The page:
You can instantly kill weak enemies by ramming into them with the Geoboard.
The effects of Titles in battle are properly explained, unlike in Tales of Symphonia.
Titles can also level up by performing specific tasks, which boosts their effects in battle.
The game also tells you the requirement to unlock Titles.
You can fast travel at your leisure by using an Inoph Bottle outside dungeons.
The Monster Book and Collector's Book are available right from the start.
The Log now registers viewed skits, total grade earned in battle and chests opened, giving players who go for 100% completion a much easier time.
While you can see how many chests are in an area, you aren't told how to get to them, meaning that exploration is still rewarded.
Nice anime art style.
Lots of collectibles to find.
As per tradition of the series, you can fight characters from previous games in the series, this time Milla and Jude, the protagonists of Tales of Xillia.
Funny moments, especially in the scenes after a battle and during skits. Every scene with Magilou is nearly guaranteed to result in some laughs.
Good musical score, such as the opening, BURN (by FLOW), Innominat, the Fifth Empyrean (Innominat's theme), The Way of the Embodied Dragon (the final dungeon theme) and Titania, the Prison Island (Titania's theme).
Excessive amounts of backtracking.
Enemies are often damage sponges.
Excessive amounts of padding and filler.
Velvet can be incredibly nasty and mean-spirited even by anti-hero standards.
Healing spells have very long casting times, and how they work isn't explained to the player: the amount of health restored isn't arbitrary, but based on the length of the user's Soul Gauge. Because of this, players tend to shun them and prefer to avoid attacks to save health and rely on healing items when needed (even though they lower the grade obtained at the end of the battle).
Because of Sony's censorship policies, a certain scene was changed to be less violent in all the western releases. However, the Japanese version remains uncensored.
Velvet's Break Soul reduces her health up to a minimum of 1 when it's active. You can stop this by using her Burst Arte, or by using another Break Soul on an enemy with low health to heal yourself.
Rokurou's Break Soul consumes one of his souls whenever the button is pressed, regardless of whether the attack activates, to prevent the player from endlessly spamming it.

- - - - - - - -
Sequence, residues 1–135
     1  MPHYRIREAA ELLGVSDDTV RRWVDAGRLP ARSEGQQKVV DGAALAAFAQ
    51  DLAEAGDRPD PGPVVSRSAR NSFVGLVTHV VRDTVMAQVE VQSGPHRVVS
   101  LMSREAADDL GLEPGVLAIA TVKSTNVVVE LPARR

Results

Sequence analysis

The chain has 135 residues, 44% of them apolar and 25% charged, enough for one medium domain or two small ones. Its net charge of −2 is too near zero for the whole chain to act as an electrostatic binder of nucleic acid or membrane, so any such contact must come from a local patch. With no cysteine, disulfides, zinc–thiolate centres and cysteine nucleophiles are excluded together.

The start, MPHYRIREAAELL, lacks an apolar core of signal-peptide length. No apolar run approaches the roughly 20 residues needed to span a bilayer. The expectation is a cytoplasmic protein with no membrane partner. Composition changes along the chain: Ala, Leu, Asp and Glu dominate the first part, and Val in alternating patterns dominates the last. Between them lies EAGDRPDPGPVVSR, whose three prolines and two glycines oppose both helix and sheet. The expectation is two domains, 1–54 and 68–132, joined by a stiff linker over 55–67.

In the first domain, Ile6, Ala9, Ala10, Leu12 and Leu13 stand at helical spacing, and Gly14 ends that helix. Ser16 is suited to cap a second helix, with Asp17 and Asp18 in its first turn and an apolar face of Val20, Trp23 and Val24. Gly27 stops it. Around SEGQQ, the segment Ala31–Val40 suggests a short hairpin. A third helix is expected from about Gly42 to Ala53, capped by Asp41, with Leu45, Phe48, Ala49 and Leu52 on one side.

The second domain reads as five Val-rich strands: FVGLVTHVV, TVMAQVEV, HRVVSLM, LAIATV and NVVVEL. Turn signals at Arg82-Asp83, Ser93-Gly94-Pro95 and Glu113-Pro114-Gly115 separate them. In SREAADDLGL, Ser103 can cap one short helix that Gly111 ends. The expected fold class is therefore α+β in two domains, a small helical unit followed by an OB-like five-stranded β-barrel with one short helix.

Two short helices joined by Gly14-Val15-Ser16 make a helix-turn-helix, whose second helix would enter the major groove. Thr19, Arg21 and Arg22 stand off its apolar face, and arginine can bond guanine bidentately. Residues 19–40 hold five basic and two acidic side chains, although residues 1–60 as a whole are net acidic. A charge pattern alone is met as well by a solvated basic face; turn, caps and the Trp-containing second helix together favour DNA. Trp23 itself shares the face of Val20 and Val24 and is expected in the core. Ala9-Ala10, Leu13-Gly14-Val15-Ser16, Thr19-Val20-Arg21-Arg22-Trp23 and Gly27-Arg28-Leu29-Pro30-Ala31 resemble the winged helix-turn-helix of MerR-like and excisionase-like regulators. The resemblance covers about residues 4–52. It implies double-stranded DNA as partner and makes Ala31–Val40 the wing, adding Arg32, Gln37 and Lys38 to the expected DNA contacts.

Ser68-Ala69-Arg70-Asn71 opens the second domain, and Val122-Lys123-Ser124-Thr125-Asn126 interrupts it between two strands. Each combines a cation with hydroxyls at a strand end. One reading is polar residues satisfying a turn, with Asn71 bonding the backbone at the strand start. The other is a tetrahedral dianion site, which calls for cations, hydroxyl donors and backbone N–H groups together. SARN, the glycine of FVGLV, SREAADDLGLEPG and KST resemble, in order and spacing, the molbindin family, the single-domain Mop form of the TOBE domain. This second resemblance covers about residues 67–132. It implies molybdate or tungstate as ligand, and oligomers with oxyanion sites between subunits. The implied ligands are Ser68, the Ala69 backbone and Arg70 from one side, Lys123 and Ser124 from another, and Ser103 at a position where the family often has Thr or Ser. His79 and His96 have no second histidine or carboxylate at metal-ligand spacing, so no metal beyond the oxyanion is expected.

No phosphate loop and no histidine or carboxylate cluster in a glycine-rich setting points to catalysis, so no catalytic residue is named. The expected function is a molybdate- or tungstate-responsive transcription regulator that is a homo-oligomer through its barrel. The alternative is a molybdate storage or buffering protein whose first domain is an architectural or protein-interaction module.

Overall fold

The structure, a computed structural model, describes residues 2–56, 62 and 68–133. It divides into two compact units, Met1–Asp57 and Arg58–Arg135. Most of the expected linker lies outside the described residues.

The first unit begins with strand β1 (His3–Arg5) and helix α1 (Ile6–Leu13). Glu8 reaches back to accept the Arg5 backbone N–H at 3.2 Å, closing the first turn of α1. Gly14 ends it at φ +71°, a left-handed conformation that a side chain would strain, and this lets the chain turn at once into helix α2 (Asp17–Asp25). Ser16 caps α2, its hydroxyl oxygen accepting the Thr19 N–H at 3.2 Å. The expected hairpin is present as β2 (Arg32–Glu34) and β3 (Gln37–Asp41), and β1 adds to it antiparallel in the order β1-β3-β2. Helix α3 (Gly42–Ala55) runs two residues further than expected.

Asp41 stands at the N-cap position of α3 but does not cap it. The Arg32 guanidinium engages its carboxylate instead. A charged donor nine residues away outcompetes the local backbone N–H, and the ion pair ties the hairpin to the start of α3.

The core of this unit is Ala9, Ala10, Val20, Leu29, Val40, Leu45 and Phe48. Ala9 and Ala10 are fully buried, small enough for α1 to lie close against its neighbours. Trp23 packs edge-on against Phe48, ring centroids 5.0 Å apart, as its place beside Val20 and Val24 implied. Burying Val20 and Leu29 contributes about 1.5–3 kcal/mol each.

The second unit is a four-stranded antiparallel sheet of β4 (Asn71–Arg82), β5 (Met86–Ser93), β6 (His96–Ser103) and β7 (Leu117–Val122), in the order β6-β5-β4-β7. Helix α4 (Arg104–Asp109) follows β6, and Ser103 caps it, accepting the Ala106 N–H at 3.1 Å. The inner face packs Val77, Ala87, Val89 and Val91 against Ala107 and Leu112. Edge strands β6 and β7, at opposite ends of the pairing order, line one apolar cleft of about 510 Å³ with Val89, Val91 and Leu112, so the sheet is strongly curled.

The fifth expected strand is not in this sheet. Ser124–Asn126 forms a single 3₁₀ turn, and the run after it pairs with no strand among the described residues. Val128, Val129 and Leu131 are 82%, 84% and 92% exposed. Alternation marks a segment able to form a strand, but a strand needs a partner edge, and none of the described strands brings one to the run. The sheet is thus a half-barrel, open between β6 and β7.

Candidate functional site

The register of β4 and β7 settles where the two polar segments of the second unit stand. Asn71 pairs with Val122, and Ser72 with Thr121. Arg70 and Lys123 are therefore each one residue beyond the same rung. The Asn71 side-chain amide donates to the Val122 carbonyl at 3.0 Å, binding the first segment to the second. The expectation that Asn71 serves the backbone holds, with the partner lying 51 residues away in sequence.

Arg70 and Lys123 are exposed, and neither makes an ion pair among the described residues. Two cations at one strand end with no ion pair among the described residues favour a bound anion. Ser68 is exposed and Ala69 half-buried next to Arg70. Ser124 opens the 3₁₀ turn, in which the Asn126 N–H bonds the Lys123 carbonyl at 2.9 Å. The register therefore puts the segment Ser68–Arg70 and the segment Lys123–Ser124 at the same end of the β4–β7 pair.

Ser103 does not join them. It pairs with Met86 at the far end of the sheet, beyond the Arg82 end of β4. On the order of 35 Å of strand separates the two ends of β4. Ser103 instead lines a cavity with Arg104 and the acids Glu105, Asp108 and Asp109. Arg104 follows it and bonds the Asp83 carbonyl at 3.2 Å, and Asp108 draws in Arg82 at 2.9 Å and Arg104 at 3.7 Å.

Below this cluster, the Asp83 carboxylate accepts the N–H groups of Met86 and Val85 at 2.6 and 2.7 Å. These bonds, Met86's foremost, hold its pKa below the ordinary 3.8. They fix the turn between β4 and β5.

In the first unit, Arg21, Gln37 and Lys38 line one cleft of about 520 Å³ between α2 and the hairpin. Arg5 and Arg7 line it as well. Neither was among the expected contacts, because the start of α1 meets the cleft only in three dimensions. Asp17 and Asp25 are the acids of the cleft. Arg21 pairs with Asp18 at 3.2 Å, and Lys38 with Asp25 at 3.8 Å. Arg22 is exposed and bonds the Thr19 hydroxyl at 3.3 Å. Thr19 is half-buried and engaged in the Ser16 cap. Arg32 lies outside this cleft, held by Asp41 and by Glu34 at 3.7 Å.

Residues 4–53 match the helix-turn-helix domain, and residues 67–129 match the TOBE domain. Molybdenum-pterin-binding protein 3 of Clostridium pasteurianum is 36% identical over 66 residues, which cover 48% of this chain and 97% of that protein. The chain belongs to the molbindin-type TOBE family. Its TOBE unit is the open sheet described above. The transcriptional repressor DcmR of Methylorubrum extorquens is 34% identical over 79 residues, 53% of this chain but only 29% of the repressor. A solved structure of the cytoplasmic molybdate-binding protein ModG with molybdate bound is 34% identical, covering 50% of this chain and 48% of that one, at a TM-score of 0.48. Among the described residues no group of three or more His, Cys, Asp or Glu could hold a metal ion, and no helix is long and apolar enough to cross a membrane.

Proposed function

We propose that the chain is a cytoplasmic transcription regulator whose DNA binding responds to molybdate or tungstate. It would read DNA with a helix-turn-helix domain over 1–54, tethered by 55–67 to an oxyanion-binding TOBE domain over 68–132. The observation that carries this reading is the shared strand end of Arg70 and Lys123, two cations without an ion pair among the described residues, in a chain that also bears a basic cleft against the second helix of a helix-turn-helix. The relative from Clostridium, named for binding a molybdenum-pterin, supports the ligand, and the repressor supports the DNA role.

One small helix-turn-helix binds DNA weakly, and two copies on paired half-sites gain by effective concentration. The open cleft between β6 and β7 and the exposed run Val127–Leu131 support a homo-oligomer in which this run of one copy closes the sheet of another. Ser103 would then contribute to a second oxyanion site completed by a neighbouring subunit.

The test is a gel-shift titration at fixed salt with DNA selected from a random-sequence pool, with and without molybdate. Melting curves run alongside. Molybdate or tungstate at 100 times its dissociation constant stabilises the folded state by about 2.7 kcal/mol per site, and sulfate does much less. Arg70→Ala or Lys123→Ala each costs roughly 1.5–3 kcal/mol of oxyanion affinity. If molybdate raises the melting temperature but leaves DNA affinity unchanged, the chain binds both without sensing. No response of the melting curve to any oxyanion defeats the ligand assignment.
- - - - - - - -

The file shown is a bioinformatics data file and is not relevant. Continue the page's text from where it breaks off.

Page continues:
Eizen's Flash Step arte can be used to quickly get near enemies and start combos with his physical Artes. Unlike Magilou or Laphicet, who perform better with separate combos for malak and martial/hidden Artes, he has a much better chance of inflicting ailments and stuns with mixed Malak/Martial Arte combos, allowing him to use his powerful Break Soul.
Magilou's Break Soul works the same as Rokurou's, but only works with magic, and her Burst Arte changes depending on several parameters, including element, type of spell, enemy, and enemy level.
There are a few Code Red Daemons that reflect all damage inflicted to them. To defeat them, one must wear equipment that reflects damage back, and kill them with reflected damage (Laphicet is particularly good for this). Another option is to turn the game to the lowest difficulty, where there are no elements and weaknesses.
If you hold down one of the buttons on the D-Pad while executing a Mystic Arte, you can chain your party members' Mystic Artes together to connect their combos. This also allows you to activate any character's Tier 3 Mystic Arte (despite the game not telling).
Artorius shares his voice actor with Yuri, the main character of Tales of Vesperia, and the developer referenced it by having the two share their Artes.
Because the game was released on the 20th anniversary of the Tales series, there are many references:
All shopkeepers are named after characters from the previous Tales games (like Patty's store in Meirchio, which is named after Patty Fleur from the Japanese PS3 version of Tales of Vesperia)
Mystic Artes from other games are reused by the game's cast:
Laphicet's Tier 3 Mystic Arte is the recurring Indignation;
Eleanor's Tier 2 Mystic Arte (Lostfon Drive) is the same as Luke fon Fabre's ultimate, New Game + exclusive Mystic Arte (from Tales of the Abyss, where it was spelled "Lost fon Drive"
Magilou's basic Mystic Arte, Ascending Angel, is a parody of Yuri Lowell's ultimate Mystic Arte (Heavenly Bladewing).
Some characters even physically resemble other characters in the series, like Oscar Dragonia, who looks like Flynn from Tales of Vesperia.